Augustine’s Sources

It was perhaps a year ago when a friend of mine remarked that he had, strangely, never considered Augustine as a thinker working within an established tradition. For whatever reasons, but most certainly due to Augustine’s immense status in our tradition- indeed he is perhaps the only patristic source that the average Reformed Christian is aware of, we fail to keep in mind that Augustine’s thought, especially regarding the Trinity, was not formed in a vacuum. On the contrary, he had numerous traditional sources to draw from.

Ambrose is the obvious example. He was Augustine’s pastor and perhaps the most instrumental figure in Augustine’s conversion. With Ambrose, comes Origen, as Ambrose was greatly influenced by Origen. It is also fairly certain that, as a North African Christian, Augustine would have known of Tertullian and his body of work.

Beyond these well-known names, a few more can be listed. Lewis Ayres, in a 2000 article for the Journal of Early Christian Studies, lists several other figures: “In which group I include such figures as Hilary, Ambrose, Gregory of Elvira, Phoebadius of Agen, Eusebius of Vercelli, and Rufinus” (‘”Remember that you are Catholic” (serm. 52, 2): Augustine on the Unity of the Triune God’, JECS, 8 (2000), 47.).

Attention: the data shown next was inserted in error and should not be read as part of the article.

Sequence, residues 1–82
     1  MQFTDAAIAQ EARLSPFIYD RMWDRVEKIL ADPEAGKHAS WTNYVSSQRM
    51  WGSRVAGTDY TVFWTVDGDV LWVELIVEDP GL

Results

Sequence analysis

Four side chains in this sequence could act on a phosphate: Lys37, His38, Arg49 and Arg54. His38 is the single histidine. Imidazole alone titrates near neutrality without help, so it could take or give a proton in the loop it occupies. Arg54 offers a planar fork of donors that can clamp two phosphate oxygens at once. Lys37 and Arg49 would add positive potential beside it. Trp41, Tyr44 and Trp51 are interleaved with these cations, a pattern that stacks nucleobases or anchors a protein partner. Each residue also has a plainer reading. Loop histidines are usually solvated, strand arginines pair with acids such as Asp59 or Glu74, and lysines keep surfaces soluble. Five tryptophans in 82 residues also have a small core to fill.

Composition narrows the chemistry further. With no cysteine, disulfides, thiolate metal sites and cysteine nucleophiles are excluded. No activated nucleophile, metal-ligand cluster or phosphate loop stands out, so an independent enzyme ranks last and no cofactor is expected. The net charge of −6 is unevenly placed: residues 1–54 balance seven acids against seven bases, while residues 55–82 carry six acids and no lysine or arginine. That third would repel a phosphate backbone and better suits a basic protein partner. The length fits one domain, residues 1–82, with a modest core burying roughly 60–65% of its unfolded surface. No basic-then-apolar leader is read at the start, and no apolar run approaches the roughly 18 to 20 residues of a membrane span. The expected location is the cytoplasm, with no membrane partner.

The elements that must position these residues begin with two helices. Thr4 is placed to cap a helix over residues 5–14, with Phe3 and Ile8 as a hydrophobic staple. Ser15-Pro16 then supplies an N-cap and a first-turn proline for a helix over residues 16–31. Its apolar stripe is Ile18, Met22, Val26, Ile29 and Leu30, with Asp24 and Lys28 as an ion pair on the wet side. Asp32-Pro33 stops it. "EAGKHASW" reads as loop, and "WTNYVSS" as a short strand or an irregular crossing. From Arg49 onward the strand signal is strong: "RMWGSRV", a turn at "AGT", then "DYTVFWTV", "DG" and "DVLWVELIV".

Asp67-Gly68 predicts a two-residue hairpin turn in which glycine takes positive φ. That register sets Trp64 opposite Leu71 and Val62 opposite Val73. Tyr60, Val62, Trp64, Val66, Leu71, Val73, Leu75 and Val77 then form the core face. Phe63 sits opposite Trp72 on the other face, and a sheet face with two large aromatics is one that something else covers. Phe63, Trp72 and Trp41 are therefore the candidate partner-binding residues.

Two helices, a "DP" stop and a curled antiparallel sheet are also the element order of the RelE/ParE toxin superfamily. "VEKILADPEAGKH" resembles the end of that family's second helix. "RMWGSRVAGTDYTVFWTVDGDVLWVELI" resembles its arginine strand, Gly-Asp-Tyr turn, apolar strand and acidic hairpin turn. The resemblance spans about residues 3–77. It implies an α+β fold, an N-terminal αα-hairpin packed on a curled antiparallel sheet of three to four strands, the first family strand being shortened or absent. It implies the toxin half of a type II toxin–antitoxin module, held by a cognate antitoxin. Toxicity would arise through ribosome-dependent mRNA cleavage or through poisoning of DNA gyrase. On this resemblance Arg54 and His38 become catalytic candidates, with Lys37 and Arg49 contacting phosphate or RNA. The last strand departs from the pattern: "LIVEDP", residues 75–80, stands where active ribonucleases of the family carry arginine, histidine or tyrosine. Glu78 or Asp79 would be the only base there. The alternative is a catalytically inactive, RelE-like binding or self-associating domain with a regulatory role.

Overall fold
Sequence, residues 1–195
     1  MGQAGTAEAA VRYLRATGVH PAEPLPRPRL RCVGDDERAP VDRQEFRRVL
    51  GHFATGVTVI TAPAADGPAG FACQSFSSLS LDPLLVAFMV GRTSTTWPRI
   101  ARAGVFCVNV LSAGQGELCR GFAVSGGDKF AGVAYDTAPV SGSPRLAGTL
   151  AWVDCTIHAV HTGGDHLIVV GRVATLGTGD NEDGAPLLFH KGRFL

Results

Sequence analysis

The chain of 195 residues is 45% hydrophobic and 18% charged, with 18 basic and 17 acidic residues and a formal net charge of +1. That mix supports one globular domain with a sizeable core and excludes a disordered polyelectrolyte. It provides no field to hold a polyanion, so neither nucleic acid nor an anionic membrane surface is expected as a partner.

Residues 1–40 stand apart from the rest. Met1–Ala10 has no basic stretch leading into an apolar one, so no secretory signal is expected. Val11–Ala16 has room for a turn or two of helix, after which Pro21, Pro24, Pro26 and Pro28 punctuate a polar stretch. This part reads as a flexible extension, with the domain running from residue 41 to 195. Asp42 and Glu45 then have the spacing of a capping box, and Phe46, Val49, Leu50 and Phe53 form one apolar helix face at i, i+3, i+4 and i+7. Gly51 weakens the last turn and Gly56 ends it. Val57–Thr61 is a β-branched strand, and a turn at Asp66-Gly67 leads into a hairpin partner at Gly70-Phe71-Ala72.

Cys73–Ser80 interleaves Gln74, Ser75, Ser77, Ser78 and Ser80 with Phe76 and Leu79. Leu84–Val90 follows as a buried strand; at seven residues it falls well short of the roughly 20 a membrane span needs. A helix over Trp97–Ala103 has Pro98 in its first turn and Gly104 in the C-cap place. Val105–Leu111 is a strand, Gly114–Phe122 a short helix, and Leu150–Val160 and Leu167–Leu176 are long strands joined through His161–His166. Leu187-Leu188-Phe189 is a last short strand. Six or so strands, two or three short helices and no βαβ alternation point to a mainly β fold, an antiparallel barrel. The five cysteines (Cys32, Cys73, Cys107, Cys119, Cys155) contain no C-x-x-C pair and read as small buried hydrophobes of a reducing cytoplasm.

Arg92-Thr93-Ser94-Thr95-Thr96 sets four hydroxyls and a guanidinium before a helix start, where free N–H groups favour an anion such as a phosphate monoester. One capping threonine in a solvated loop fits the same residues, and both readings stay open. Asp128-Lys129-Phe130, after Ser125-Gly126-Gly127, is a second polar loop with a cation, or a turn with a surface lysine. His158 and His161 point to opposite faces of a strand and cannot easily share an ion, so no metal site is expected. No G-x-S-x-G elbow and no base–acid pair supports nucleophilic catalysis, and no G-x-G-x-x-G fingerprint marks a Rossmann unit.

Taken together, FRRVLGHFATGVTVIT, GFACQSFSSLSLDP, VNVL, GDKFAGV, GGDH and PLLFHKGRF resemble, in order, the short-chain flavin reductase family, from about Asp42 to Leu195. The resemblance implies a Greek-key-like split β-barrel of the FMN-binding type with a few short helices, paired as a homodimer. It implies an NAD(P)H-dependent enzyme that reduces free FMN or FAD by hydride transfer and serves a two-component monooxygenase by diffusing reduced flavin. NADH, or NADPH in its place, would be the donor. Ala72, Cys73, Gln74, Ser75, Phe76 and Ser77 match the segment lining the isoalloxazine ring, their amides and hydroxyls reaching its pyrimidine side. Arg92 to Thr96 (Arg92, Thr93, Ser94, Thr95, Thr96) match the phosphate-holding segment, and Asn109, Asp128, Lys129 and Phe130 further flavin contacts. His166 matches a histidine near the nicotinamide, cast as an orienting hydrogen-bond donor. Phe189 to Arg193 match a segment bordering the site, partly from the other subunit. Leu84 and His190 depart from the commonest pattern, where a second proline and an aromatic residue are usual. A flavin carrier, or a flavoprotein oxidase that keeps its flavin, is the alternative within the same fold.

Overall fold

Augustine quotes Hilary directly in his De Trinitate, and a good introduction to Hilary’s role in the development of Latin theology can actually be found in D. H. Williams Ambrose of Milan. The book is about Ambrose, but it spends a sufficient amount of time describing Hilary’s role. Williams also examines Gregory of Elvira and Eusebius of Vercelli.

Most readers are likely unfamiliar with those last two names, which simply proves that we are unfamiliar with the development of the Latin tradition. As is our wont, we jump from super-star to super-star in Church history, and thus fail to grasp the complexity and the inter-relatedness of the various thinkers and traditions.

Augustine is thoroughly contextualized thinker, and his immediate context is most certainly the Pro-Nicene Church.  He is certainly Western, but he is combating the same challengers as the East and answering them in much the same way.  Hilary, in particular, represents a figure who was in both East and West, as does Jerome, who I have not yet mentioned, but was a Latin-speaker operating out of Jerusalem.

Sometimes you have to just see the forest rather than each tree, but the danger is that by not looking at the trees in sufficient detail, you are actually seeing the wrong forest altogether. Thus with the study of the history of Christianity, given all of the competing meta-narratives, we need to spend more time on the specifics.